5 Conclusions

Bempedoic acid is projected to substantially decrease the need of PCSK9i treatment in patients with high and very-high cardiovascular risk to attain LDL-C treatment goals. A strategy based on PCSK9i treatment without using bempedoic acid is more expensive and leads to more prevented events because of more potent LDL-C lowering. However, implementing oral bempedoic acid into the treatment algorithm after statins and ezetimibe prior to PCSK9i treatment markedly reduces drug costs and incremental drug costs per additional prevented event. This information is of high practical relevance for the very large number of patients without access to PCSK9i treatment.

Supporting information

S1 Table. Definition of statin intensity.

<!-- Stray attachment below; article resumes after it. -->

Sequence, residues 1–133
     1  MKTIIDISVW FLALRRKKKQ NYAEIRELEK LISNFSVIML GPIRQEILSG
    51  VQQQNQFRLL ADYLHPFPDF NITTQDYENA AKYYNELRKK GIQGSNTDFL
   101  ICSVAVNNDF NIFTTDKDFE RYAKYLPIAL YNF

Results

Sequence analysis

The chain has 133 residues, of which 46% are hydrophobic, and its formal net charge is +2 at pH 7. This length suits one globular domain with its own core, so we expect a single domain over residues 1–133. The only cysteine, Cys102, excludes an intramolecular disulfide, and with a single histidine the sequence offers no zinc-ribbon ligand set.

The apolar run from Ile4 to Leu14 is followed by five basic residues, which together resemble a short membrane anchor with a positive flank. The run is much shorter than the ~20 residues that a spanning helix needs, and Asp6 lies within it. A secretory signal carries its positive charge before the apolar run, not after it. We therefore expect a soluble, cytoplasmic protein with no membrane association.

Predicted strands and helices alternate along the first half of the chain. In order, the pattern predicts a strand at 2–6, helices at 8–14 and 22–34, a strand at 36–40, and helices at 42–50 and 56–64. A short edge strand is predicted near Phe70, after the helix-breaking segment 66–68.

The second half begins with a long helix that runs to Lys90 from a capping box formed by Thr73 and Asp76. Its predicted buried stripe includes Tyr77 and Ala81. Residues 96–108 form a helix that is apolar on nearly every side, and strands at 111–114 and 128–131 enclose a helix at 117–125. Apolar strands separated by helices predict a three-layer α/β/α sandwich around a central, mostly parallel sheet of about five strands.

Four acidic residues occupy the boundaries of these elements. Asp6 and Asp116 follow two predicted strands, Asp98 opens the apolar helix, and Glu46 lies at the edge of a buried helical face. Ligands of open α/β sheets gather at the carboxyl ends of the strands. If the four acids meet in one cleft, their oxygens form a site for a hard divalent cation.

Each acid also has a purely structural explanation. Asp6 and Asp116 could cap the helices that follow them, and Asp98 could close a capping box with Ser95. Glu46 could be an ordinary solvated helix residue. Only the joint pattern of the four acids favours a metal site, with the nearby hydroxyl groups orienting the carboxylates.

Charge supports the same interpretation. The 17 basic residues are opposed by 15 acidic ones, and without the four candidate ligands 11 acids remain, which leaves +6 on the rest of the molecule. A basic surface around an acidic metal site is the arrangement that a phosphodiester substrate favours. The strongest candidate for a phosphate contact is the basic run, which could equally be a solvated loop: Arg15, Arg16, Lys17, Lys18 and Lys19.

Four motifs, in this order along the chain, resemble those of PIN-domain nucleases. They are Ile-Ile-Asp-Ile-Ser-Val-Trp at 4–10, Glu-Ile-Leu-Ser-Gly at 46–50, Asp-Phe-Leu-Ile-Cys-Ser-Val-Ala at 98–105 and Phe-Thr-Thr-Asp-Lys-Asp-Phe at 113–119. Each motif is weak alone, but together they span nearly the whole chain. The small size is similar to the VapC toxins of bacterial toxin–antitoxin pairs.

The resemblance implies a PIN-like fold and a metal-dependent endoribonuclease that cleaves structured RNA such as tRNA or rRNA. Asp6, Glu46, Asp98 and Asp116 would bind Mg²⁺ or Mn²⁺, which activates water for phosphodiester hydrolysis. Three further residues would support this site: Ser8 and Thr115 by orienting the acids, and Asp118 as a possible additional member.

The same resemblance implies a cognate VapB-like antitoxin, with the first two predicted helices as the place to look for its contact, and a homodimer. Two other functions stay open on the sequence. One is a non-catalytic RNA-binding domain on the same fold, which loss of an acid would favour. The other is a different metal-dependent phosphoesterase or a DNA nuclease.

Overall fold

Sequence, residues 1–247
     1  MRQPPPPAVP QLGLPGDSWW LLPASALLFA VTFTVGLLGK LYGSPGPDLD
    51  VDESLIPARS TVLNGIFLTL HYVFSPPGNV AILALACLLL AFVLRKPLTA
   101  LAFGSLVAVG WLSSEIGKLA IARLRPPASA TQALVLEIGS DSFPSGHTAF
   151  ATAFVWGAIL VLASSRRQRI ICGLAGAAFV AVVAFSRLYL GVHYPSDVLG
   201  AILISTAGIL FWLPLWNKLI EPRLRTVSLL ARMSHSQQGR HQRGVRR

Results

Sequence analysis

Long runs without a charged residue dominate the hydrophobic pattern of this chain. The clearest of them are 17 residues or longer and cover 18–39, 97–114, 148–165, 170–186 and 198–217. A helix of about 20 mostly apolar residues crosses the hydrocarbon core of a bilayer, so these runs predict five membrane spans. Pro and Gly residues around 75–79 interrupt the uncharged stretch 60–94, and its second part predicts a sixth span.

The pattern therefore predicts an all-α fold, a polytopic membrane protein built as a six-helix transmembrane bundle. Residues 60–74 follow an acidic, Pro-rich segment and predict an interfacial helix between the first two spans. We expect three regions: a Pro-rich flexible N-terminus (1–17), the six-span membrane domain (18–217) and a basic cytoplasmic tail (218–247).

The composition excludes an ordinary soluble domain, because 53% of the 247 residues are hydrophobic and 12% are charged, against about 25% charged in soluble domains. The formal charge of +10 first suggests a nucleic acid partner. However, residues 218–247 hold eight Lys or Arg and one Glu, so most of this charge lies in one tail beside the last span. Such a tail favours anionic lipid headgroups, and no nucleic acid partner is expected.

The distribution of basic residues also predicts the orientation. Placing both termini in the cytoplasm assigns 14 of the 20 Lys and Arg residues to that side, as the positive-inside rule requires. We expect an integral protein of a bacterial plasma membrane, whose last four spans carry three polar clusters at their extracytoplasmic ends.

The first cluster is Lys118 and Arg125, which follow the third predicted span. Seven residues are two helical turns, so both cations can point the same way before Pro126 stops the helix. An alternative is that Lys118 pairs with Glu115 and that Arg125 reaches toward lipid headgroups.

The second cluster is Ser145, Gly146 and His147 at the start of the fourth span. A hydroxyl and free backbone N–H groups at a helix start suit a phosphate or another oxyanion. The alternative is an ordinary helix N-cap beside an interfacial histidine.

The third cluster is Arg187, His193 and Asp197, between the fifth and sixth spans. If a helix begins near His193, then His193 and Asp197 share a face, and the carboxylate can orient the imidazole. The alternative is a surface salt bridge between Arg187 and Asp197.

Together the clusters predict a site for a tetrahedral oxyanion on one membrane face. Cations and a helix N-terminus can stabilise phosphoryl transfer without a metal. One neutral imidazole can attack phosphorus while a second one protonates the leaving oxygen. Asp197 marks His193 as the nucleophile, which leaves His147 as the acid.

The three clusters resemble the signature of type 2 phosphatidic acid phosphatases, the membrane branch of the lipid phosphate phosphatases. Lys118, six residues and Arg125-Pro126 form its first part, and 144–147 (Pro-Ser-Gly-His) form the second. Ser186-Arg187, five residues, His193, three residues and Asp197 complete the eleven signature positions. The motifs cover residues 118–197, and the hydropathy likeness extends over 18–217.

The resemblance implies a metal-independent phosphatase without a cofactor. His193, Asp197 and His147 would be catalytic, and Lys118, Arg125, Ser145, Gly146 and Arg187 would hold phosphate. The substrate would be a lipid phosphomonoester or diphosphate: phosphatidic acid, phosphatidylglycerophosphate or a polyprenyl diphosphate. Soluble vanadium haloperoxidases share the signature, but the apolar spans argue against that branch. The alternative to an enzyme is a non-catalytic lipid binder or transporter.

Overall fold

Notes: The classification is based on the study by Fox et al. [1]. LDL-C: Low-density lipoprotein cholesterol.


S2 Table. ICD 10 codes underlying patient selection and cardiovascular risk factor definitions.

Notes: Atherosclerotic cardiovascular disease (ASCVD) was defined as at least one diagnosis of coronary artery disease, cerebrovascular disease, or peripheral artery disease. GFR: Glomerular filtration rate.


S3 Table. ICD 10 codes underlying the primary endpoint diagnoses.



We thank Silvia Kruppert from IQVIA Germany and Florence Mercier from Daiichi Sankyo for statistical analyses.